May 30, 2004
It's the feed, stupid
Now that even venture capitalists are "getting" the importance of feeds (whatever format you happen to worship), we can start the countdown to the FeedExplosion (TM). In a few months we will start seeing feed components (either generating or digesting) appear in products everywhere. On the other side this will also cause a shift away from blogging software in general to systems that easily produce and consume feed-formats. Publishing to - say - RSS will be at the top of the features list, and not somewhere in the middle.
May 29, 2004
Getting there: Marathon update
Around 17 weeks left to go until my first marathon in Berlin and I seem to be back on track again with my training. The weeks between Easter (the half-marathon) and this week were pretty bad. I think after the half-marathon my body decided enough was enough ("vacation time pal, we're outta here!"). In the past 3 weeks or so I've been suffering from pains in my shins which allowed me to run for like 17 minutes - not exactly marathon distance. Anyway, a week or so ago I decided to take the whole thing a lot slower and listen to the signals. So, regular stretching for the shin symptoms and reduced running, together with starting a running-diary (I really think that's a help). Another motivation are "peer pressure" emails from Timo, an ultra-runner and someone who I can cry to if necessary :-). Today, I managed 8 Kms again in my usual time, which was more than I had hoped for. And most importantly - no pain. So, there's still time to donate to my run - and you'll find the link over on the left. Onward.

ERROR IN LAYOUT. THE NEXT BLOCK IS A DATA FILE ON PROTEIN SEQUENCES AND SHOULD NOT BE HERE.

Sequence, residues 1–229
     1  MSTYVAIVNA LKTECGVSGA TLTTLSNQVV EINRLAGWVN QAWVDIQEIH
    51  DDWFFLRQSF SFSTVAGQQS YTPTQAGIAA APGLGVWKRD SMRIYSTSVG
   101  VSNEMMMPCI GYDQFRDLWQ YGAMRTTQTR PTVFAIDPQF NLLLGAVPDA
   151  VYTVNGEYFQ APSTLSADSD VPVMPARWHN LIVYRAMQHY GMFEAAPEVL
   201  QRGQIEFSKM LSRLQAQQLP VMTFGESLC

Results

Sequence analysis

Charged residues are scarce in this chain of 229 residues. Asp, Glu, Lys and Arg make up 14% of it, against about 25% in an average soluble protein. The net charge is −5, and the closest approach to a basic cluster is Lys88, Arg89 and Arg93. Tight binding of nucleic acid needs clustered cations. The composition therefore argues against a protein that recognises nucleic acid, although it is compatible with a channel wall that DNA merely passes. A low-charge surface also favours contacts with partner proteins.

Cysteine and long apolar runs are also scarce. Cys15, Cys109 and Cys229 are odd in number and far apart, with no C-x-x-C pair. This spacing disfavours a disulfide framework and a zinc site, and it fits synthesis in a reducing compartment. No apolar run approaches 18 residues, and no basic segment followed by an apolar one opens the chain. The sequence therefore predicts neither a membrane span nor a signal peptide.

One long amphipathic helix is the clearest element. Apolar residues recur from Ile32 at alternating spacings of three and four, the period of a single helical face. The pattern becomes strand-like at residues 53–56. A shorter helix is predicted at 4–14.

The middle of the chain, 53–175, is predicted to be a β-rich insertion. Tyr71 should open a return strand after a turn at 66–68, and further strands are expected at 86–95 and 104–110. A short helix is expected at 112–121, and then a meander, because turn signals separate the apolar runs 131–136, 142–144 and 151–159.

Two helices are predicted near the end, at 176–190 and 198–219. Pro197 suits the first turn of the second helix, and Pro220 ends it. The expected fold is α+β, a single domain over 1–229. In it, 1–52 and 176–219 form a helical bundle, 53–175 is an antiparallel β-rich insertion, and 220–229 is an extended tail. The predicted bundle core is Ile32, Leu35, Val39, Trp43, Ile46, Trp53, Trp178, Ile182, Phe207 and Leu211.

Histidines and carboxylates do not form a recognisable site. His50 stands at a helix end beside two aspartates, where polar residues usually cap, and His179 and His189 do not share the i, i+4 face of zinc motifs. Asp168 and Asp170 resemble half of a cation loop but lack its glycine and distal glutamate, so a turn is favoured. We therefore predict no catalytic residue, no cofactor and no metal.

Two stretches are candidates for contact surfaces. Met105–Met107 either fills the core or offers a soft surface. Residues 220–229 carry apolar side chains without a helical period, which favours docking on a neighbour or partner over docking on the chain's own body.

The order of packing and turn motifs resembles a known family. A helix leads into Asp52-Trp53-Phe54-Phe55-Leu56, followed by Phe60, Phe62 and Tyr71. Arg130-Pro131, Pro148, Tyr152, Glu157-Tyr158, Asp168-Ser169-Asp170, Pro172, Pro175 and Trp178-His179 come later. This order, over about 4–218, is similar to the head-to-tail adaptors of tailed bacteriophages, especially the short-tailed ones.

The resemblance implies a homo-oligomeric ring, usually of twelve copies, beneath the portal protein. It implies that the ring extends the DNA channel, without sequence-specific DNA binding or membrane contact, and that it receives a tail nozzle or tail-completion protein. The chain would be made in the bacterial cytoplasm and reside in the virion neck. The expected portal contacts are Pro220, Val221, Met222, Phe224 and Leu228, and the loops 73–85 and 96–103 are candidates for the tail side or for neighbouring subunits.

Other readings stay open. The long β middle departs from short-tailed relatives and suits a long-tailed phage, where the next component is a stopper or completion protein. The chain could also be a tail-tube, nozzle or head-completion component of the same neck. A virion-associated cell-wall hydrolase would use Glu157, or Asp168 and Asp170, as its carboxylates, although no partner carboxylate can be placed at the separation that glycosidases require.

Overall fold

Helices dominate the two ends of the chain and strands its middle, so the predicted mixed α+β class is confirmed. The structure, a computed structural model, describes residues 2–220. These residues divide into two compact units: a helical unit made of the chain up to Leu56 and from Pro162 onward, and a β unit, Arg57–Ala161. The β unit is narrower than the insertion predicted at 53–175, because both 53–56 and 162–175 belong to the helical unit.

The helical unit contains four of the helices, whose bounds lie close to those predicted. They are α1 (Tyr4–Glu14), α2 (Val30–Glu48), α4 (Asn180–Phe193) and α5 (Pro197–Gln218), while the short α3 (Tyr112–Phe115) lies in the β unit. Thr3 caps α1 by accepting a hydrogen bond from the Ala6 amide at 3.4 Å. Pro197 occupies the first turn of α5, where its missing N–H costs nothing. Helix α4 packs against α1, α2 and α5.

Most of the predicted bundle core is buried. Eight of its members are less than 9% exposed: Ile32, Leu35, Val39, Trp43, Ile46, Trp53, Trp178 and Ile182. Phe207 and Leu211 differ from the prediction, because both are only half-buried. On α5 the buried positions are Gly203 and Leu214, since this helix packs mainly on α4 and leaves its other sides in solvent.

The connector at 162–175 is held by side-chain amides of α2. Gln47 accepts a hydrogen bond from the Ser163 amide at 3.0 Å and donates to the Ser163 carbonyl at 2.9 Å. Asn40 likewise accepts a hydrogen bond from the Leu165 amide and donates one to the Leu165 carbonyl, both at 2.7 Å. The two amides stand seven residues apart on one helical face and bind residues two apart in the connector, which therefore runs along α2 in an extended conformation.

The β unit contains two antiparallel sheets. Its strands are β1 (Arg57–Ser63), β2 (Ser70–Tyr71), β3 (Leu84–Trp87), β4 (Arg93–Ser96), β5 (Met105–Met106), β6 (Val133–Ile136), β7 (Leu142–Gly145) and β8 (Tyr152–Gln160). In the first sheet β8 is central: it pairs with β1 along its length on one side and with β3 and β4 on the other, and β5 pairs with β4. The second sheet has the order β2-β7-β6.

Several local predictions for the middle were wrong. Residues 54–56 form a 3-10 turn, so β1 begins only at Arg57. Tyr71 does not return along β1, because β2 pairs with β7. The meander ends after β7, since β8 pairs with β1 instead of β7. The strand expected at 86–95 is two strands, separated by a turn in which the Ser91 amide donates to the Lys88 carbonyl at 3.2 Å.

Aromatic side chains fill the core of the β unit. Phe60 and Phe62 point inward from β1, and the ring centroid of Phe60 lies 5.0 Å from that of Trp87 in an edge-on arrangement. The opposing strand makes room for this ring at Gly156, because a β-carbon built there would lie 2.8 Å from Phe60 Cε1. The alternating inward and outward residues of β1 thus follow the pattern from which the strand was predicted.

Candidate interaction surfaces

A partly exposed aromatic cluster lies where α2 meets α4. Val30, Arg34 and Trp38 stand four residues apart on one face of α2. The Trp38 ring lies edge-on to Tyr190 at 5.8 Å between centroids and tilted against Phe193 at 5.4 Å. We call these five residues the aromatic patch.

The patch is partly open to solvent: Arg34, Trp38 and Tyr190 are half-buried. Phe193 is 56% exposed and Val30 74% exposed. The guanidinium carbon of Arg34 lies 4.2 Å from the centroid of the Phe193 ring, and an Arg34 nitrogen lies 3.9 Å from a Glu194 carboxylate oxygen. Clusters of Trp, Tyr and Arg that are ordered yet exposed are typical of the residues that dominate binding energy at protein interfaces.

May 28, 2004
Cocoon on Internetnews
Taking place on the 6th of June 2004, NotCon is a techie conference with a difference. Not to be missed if you can make it to London. Me? I'll me making sandcastles on Omaha beach. Oh no, wait, it's my daughter's Birthday - I knew there was something else..
OnJava on Apache Forrest
OnJava has an introductory article on using Apache Forrest to document projects. Forrest is an application built on top of Cocoon which relieves you of some of the harder stuff if your goal is to produce documentation.
May 27, 2004
Is this a weblog?
Now, as weblogs become more and more popular, it also becomes more difficult to spot the cases where typical marketing material is being repackaged as a weblog. Tonight, I was looking for some Jamie Oliver (the tv cook) related stuff, and came across his weblog.
But is it?
At first glance it does look as though this is Jamie's personal weblog, but a second closer look reveals for example: no Jamie email-address (only his editor listed as: email@example.com). No way of registering a trackback or leaving a comment. In addition, each post has a prominent notice of copyright (Copyright ©2003-2004 Jamie Oliver). So, in effect, the site actually is only pretending to be Jamie's weblog. If not - then there are a few things he needs to change.
Wikis for Business People
I've decided to put together a little "Wikis for Business People" article. This article is aimed to get you manager types up to speed on this subject. I wrote it as a fictional conversation between myself and ...
Ok, so what's this wiki thing? I keep reading about it and my employees keep pointing out that we need to set up a wiki - but what the hell is it anyway? And what's with the funny name?
A wiki is a quick (hence the name) way of setting up websites that everyone can write on. More.
Everyone - now wait a moment...what about our IT security infrastructure team and securicy policy, page 245?
Don't worry. There is no problem with setting up a wiki so that the access is only possible from people who have the right to do so. You can secure a wiki just like any other web application. That being said, you will want to think carefully about doing that because it will raise the entry barrier and maybe scare off people interested in contributing. Just make sure you make it easy enough to access. Oh yes, some wikis also provide backup/restore functionality.More.
Does it run on my employees PCs? I mean I'm not going to get them all new PCs or more RAM or anything.